Here you need to think of economies of scale. That is, the more escalations you have, the more you need a dedicated function. If you find that escalation issues are taking time away from other duties, it is time to seriously begin thinking about a dedicated escalation manager. If you don’t, analysts will either neglect their other jobs or the escalation will be handled improperly. Obviously, if you discover that there are more escalations than one person can handle, you might even consider an escalation team.
Regardless of whether or not you have a dedicated manager, you need to consider that one of the major causes of nontechnical escalations that are the results of complaints is personality differences between the user and the analyst. The escalations manager will therefore need to be part psychologist in order to resolve these personality conflicts. Therefore, communication skills are even more and the requirement with the escalations manager as they are with the regular analyst.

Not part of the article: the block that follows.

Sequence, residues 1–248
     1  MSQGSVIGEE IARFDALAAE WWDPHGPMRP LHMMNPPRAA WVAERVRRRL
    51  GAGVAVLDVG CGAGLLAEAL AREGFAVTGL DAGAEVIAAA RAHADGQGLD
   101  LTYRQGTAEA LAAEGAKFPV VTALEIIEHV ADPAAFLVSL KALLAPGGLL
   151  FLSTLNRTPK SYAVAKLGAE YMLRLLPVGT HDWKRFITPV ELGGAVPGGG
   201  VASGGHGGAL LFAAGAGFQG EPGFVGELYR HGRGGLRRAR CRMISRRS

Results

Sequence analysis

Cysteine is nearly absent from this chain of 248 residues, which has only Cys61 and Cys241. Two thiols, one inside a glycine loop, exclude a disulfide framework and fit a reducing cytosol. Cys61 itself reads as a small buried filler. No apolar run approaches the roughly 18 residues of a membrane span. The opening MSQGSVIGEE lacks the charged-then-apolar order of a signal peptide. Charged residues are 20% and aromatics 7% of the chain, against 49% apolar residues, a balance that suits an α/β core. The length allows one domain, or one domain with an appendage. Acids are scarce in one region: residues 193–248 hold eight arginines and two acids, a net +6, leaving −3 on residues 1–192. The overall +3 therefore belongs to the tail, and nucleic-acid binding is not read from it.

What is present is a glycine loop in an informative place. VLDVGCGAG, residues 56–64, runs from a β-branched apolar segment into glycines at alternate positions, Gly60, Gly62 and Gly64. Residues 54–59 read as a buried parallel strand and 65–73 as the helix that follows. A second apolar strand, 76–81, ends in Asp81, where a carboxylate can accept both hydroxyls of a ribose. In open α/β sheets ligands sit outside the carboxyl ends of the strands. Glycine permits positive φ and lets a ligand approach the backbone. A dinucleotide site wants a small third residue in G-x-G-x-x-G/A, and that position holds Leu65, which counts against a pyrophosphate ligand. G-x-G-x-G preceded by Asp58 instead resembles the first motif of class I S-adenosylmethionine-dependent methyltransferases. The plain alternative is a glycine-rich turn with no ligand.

Although the dedicated escalation function is a better positioned to look at the root causes objectively, an analysis can still be done by members of the help desk staff. I think it is an important part of the analysis to begin working on it as soon as possible, even before the problem is been resolved. In doing so, you cannot only help prevent repeat occurrences, but you can also help bring this call to a speedy conclusion.
For example, let’s take a call that results in escalations because the user is not satisfied with the local service. If you determine early that the user is demanding more support than is provided for by the SLA, the answer to the user may be fairly straightforward. On the other hand, I know some managers who immediately declare at the beginning that the help desk analyst is not doing their job. There is no investigation, just blame. This wastes time, especially considering that next time the analysts will probably give that user more support than they should, just to avoid getting "yelled at." Added to this is the other users who get less service than they should, because analysts are working with the "screamers."